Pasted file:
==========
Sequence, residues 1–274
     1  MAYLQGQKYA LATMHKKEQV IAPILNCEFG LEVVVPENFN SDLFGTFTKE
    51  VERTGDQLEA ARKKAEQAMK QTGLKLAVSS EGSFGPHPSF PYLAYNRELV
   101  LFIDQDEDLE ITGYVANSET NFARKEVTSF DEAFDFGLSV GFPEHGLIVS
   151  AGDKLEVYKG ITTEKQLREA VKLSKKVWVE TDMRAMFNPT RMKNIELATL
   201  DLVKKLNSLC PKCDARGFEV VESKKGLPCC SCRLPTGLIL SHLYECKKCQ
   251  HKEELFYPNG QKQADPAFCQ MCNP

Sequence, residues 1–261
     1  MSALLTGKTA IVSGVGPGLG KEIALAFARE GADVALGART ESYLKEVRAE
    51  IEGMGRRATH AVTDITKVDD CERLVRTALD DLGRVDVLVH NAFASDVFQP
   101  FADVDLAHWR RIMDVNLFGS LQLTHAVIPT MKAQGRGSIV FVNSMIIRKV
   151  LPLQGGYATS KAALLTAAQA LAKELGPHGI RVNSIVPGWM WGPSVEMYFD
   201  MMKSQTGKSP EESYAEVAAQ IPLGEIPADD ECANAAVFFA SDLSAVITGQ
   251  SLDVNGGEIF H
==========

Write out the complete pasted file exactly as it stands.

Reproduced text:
Sequence, residues 1–274
     1  MAYLQGQKYA LATMHKKEQV IAPILNCEFG LEVVVPENFN SDLFGTFTKE
    51  VERTGDQLEA ARKKAEQAMK QTGLKLAVSS EGSFGPHPSF PYLAYNRELV
   101  LFIDQDEDLE ITGYVANSET NFARKEVTSF DEAFDFGLSV GFPEHGLIVS
   151  AGDKLEVYKG ITTEKQLREA VKLSKKVWVE TDMRAMFNPT RMKNIELATL
   201  DLVKKLNSLC PKCDARGFEV VESKKGLPCC SCRLPTGLIL SHLYECKKCQ
   251  HKEELFYPNG QKQADPAFCQ MCNP

Sequence, residues 1–261
     1  MSALLTGKTA IVSGVGPGLG KEIALAFARE GADVALGART ESYLKEVRAE
    51  IEGMGRRATH AVTDITKVDD CERLVRTALD DLGRVDVLVH NAFASDVFQP
   101  FADVDLAHWR RIMDVNLFGS LQLTHAVIPT MKAQGRGSIV FVNSMIIRKV
   151  LPLQGGYATS KAALLTAAQA LAKELGPHGI RVNSIVPGWM WGPSVEMYFD
   201  MMKSQTGKSP EESYAEVAAQ IPLGEIPADD ECANAAVFFA SDLSAVITGQ
   251  SLDVNGGEIF H